Motivated by the dual wish to escape his creditors at home and to visit the casinos abroad, Dostoevsky traveled to Western Europe. There, he attempted to rekindle a love affair with Apollinaria (Polina) Suslova, a young university student with whom he had had an affair several years prior, but she refused his marriage proposal. Dostoevsky was heartbroken, but soon met Anna Snitkina, a twenty-year-old stenographer whom he married in 1867. This period resulted in the writing of his greatest books. From 1873 to 1881 he vindicated his earlier journalistic failures by publishing a monthly journal full of short stories, sketches, and articles on current events — the Writer's Diary. The journal was an enormous success.

In 1877 Dostoevsky gave the keynote eulogy at the funeral of his friend, the poet Nekrasov, to much controversy. In 1880, shortly before he died, he gave his famous Pushkin speech at the unveiling of the Pushkin monument in Moscow.

In his later years, Fyodor Dostoevsky lived for a long time at the resort of Staraya Russa which was closer to St Petersburg and less expensive than German resorts. He died on January 28 (O.S.), 1881 and was interred in Tikhvin Cemetery at the Alexander Nevsky Monastery, St. Petersburg, Russia.

Works and Influence

Dostoyevsky's tomb at the Alexander Nevsky Monastery.
Dostoyevsky's tomb at the Alexander Nevsky Monastery.

Dostoevsky's influence cannot be overemphasized—from Herman Hesse to Marcel Proust, William Faulkner, Albert Camus, Franz Kafka, Henry Miller, Yukio Mishima and Gabriel García Márquez—virtually no great 20th century writer has escaped his long shadow (rare dissenting voices include Vladimir Nabokov, Henry James, Joseph Conrad and, more ambiguously, D.H. Lawrence). American novelist Ernest Hemingway also cited Dostoevsky in his autobiographic books, as a major influence on his work. Essentially a writer of myth (and in this respect sometimes compared to Herman Melville), Dostoevsky has created an opus of immense vitality and almost hypnotic power characterized by the following traits: feverishly dramatized scenes (conclaves) where his characters are, frequently in scandalous and explosive atmosphere, passionately engaged in Socratic dialogues à la Russe; the quest for God, the problem of Evil and suffering of the innocents haunt the majority of his novels; characters fall into a few distinct categories: humble and self-effacing Christians (prince Myshkin, Sonya Marmeladova, Alyosha Karamazov), self-destructive nihilists (Svidrigailov, Smerdyakov, Stavrogin, the underground man), cynical debauchers (Fyodor Karamazov), rebellious intellectuals (Raskolnikov, Ivan Karamazov); also, his characters are driven by ideas rather than by ordinary biological or social imperatives.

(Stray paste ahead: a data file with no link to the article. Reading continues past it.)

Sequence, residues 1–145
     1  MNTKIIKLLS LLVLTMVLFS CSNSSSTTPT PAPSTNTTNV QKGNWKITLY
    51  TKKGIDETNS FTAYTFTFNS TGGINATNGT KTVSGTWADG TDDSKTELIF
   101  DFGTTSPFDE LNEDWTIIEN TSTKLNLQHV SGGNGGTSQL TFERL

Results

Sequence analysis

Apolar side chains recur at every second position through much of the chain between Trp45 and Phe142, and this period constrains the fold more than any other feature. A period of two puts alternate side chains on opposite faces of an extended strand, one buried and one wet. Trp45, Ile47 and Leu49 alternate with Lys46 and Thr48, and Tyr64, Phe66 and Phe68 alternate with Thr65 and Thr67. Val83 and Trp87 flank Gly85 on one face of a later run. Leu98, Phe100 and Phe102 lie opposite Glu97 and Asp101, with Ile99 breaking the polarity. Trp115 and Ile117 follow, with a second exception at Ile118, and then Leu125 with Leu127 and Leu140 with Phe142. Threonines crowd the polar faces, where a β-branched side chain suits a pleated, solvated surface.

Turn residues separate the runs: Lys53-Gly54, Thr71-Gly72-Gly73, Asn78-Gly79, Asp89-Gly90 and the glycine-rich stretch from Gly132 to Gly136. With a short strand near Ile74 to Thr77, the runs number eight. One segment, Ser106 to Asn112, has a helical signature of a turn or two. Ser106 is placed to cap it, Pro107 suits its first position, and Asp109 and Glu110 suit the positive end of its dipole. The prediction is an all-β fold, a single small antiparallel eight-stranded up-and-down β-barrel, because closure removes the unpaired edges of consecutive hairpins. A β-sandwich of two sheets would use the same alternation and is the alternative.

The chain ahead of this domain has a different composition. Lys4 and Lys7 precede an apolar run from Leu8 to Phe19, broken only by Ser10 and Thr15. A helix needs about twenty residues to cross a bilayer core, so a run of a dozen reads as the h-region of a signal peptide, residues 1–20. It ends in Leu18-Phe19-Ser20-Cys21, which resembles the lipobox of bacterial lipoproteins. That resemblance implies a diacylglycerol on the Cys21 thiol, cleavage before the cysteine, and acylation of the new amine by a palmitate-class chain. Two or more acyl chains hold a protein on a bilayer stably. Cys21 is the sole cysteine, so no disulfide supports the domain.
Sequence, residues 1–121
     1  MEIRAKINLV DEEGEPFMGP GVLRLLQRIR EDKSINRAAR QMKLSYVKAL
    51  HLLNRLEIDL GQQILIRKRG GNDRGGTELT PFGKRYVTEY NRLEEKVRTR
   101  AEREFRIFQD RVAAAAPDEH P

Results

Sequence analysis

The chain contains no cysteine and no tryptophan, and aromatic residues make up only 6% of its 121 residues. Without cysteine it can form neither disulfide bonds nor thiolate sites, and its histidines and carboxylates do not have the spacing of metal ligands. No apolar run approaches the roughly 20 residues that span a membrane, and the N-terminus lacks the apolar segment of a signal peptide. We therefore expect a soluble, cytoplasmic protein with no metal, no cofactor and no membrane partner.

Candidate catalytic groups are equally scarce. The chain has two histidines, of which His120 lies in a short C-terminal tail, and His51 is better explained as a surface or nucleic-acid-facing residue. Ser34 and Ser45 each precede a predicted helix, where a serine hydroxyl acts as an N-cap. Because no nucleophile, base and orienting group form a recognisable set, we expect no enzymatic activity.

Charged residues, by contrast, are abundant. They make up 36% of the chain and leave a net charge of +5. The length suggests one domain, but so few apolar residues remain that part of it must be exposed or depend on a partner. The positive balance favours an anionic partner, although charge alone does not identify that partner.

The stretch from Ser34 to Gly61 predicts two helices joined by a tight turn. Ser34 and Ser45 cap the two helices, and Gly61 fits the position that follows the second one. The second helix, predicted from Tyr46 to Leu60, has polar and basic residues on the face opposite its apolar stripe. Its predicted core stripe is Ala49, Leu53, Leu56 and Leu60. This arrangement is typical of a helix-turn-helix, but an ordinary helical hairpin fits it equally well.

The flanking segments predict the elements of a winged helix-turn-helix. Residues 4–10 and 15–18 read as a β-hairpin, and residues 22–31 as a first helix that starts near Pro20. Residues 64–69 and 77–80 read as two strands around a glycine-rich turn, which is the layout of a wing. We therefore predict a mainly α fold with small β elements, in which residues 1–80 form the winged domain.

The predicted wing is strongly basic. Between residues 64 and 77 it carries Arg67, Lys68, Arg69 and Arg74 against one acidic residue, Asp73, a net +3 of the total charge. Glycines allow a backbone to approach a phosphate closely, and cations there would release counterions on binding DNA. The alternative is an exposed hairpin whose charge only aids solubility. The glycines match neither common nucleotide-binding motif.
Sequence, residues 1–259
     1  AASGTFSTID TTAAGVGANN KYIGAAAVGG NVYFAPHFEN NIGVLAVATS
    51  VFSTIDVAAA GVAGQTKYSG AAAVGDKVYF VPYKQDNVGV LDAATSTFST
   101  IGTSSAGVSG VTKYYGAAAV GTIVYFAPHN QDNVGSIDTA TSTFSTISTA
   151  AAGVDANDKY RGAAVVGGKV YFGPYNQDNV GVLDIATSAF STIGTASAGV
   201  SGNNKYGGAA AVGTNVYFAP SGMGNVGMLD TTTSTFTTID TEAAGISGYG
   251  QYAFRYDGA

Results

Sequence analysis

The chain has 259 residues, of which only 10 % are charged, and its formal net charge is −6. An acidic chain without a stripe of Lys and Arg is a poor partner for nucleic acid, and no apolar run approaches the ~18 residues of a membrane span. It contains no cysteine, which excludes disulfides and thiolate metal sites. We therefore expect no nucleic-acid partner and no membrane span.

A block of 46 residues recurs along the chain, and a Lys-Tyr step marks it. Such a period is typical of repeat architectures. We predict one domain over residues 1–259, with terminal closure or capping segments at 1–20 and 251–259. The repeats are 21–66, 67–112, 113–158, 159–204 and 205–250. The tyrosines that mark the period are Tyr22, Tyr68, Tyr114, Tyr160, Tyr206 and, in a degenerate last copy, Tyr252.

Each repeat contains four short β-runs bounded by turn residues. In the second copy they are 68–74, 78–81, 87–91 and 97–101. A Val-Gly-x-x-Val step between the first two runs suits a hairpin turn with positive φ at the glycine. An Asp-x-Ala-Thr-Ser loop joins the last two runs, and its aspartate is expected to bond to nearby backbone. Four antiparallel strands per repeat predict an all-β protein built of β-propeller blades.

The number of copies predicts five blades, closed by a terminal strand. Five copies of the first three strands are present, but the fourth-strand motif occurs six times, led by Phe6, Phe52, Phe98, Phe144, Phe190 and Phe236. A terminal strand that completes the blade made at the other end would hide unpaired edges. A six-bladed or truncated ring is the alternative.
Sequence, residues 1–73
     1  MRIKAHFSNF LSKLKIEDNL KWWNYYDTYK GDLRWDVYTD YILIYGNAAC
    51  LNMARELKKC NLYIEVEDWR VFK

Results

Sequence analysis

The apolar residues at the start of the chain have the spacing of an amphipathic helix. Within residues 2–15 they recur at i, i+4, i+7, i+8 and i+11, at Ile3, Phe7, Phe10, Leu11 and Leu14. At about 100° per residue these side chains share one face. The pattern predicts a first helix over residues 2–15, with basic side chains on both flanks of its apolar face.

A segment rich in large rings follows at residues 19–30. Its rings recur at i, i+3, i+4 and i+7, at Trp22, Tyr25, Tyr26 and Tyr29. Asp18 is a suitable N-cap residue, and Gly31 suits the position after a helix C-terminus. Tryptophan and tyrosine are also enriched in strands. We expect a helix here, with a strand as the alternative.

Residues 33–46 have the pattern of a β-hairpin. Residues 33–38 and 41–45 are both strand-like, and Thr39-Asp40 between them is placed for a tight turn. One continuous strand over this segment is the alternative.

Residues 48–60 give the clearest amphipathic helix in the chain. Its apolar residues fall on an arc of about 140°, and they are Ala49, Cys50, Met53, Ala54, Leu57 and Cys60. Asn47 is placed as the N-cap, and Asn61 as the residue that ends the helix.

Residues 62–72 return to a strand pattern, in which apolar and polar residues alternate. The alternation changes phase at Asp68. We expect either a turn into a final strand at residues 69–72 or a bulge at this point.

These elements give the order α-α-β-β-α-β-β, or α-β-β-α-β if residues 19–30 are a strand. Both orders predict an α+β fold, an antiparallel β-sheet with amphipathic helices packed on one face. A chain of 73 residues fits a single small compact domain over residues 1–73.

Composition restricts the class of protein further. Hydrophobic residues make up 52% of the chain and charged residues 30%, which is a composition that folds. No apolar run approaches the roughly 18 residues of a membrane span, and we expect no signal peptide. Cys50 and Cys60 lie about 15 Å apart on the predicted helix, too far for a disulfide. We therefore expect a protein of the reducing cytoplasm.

Dostoevsky's novels are compressed in time (many cover only a few days) and this enables the author to get rid of one of the dominant traits of realist prose, the corrosion of human life in the process of the time flux — his characters primarily embody spiritual values, and these are, by definition, timeless. Other obsessive themes include suicide, wounded pride, collapsed family values, spiritual regeneration through suffering (the most important motif), rejection of the West and affirmation of Russian Orthodoxy and Czarism. Literary scholars such as Bakhtin have characterized his work as 'polyphonic': unlike other novelists, Dostoevsky does not appear to aim for a 'single vision', and beyond simply describing situations from various angles, Dostoevsky engendered fully dramatic novels of ideas where conflicting views and characters are left to develop unevenly into unbearable crescendo.

By common critical consensus one among the handful of universal world authors, along with Dante, Shakespeare, Johann Wolfgang von Goethe, Miguel de Cervantes, Victor Hugo and a few others, Dostoevsky has decisively influenced 20th century literature, existentialism and expressionism in particular.

Major works

External links and references

Wikiquote has a collection of quotations related to:

Personal tools